There is a gap between politics and policy. Good politics will get you elected. Good policy will improve quality of life. Good politics focuses on getting power over. Good policy focuses on giving power to.
If you were campaigning for the votes of medieval serfs, you'd probably win votes by speaking out against witches who curse crops and babies and generally make life miserable. Your promise to crack down on witches might even get you elected. By contrast, the policies you'd want to pursue to actually make life less miserable - policies like turning the commons into private property so as to encourage investment, weakening the grip of the church on communities, and encouraging free thinking - would be met with, at best, tepid support and advocating such policies might not just cost you votes but could, indeed, cost you your life. Because every era has its superstitions and cultural momentum, there has always been a gap between what makes for good politics and what makes for good policy.
For my nickel, no one has better illustrated the gap between effective politics and effective policy than George Bush and Karl Rove. The most obvious example of policy that made for good politics and bad policy was, of course, the invasion and occupation of Iraq. George and Karl were masters of politics and the two stooges of policy, a frightening reminder that voters can be easier to seduce than reality. And there is nothing more dangerous than a politician who understands politics but has little interest in policy. Such a politician can do even more damage than someone with evil intentions.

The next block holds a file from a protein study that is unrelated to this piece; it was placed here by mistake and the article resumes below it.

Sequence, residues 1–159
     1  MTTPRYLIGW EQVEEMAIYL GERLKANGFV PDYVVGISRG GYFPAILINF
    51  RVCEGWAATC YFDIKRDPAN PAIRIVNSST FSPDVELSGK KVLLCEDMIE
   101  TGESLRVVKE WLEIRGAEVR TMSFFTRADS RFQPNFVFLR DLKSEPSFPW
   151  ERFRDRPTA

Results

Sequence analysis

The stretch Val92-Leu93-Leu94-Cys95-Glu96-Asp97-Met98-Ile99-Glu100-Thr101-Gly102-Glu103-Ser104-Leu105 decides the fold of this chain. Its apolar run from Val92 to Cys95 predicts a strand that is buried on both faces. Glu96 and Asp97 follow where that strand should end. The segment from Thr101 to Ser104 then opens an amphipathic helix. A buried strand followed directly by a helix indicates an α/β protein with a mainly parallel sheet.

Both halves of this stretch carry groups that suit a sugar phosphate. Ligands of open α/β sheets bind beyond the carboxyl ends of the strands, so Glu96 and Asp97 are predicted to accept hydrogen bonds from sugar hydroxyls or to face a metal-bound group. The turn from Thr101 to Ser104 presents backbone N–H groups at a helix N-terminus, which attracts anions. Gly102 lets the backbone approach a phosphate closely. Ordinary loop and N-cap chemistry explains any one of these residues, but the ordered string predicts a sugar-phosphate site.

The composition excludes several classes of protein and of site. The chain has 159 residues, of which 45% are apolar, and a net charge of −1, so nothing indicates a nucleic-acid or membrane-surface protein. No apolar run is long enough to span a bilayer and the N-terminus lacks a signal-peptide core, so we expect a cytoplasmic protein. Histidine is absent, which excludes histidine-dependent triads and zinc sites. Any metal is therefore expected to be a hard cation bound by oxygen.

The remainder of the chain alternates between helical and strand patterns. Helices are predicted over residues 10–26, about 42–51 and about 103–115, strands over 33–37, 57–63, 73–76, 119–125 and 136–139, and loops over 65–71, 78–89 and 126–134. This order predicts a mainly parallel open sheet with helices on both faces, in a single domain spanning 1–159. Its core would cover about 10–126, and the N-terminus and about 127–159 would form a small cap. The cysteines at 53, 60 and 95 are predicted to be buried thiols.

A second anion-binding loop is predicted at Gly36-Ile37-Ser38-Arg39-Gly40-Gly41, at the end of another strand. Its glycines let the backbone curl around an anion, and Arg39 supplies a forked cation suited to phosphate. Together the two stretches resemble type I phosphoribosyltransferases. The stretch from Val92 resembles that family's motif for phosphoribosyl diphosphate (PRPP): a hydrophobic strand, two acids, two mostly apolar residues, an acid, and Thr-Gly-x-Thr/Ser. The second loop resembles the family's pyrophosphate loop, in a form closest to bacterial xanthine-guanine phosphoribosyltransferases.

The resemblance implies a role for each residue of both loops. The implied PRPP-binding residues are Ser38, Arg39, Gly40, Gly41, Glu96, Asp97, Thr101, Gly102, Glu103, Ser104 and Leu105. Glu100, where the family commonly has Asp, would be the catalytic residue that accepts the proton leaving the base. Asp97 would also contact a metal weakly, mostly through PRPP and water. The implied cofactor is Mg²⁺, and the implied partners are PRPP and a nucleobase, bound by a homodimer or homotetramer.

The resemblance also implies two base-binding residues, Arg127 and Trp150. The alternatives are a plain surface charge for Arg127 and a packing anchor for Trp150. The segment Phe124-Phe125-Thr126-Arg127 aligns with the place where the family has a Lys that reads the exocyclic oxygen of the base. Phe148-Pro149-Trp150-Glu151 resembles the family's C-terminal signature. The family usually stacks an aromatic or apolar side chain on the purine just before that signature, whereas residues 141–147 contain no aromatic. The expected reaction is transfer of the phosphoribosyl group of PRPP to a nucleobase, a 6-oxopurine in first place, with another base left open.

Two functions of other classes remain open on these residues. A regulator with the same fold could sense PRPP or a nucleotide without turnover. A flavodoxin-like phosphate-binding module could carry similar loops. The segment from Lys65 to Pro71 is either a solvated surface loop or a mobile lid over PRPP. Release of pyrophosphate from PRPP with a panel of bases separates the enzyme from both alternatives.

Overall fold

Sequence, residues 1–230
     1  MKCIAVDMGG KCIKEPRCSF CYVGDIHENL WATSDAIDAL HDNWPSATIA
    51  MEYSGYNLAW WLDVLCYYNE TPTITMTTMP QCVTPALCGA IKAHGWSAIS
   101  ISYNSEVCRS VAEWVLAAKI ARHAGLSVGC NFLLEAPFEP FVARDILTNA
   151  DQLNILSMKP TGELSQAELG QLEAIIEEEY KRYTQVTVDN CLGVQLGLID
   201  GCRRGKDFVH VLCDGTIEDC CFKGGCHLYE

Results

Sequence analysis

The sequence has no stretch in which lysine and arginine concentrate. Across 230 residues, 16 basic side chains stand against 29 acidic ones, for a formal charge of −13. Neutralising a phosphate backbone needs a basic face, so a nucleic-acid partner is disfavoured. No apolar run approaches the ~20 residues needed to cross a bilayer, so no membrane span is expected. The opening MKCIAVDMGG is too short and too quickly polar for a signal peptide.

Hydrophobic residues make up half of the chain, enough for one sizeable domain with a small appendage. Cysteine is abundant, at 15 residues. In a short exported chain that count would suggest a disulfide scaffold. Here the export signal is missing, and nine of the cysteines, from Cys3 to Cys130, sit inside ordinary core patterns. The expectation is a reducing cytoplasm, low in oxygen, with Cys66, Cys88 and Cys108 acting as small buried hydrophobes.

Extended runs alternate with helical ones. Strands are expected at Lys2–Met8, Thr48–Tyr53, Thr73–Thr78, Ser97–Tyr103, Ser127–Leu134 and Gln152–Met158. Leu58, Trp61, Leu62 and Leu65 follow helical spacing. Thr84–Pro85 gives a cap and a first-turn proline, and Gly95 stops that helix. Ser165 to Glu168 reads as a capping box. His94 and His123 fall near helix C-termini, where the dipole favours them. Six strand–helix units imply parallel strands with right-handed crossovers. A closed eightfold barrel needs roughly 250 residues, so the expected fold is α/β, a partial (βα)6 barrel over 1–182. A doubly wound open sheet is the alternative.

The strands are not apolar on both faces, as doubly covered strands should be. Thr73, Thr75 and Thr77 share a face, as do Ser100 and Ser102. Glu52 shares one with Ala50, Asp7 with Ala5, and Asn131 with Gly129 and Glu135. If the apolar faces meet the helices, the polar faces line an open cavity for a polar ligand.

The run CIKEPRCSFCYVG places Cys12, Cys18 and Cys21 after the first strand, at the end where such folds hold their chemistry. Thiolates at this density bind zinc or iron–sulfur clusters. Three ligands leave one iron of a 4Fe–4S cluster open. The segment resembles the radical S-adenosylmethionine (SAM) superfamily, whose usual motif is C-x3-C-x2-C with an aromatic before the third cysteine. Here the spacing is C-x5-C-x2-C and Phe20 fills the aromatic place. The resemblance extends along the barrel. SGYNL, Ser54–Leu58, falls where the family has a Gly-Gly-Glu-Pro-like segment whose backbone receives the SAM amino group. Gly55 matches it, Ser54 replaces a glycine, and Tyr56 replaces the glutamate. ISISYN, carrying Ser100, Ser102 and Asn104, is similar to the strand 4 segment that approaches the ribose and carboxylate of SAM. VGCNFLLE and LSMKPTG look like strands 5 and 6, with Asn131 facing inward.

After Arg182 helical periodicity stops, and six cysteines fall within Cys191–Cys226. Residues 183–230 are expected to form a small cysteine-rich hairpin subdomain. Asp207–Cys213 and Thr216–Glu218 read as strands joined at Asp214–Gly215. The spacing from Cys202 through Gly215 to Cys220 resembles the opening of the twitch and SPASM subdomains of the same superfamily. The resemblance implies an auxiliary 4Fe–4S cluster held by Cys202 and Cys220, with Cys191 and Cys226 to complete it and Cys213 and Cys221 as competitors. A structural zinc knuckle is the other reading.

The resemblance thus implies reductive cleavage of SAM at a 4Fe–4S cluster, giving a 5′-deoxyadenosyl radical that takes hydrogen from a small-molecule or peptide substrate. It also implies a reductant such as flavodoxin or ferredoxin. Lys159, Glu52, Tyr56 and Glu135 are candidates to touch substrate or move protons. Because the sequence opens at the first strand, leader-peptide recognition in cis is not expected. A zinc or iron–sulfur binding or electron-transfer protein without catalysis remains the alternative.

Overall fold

For me there is a key to distinguish between policy and politics lies in the difference between power over and power to. Good policy not only improves lives, it gives people power to do things that they couldn't otherwise. Policy that provides education to children whose parents can't afford it, that is policy that gives people power to. Educated women have more power to choose whether to have families and how many children to have. Education is a classic example of policy that gives power to. By contrast, policy that only lets certain kinds of people own property or vote or choose whether to control one’s own reproduction is policy that exercises power over. This power over might make for popular politics (the distaste of the masses for minorities like gays, blacks, and rich), but it rarely makes for good policy that actually improves quality of life.
As you listen to the candidates, listen for what they are proposing and the kind of power that seems to enthrall them. Do they want to limit what people can do in bedrooms and boardrooms or do they want to enable people, including the poor or the minorities in privileges the mainstream take for granted? The former often makes for good politics - the latter usually makes for good policy. The more we’re aware of this, the smaller the gap between the two. After all, the success of a democracy ultimately rests on a confluence between successful politics and successful policy. What we don't need next year is to embark on another 8 year learning experience.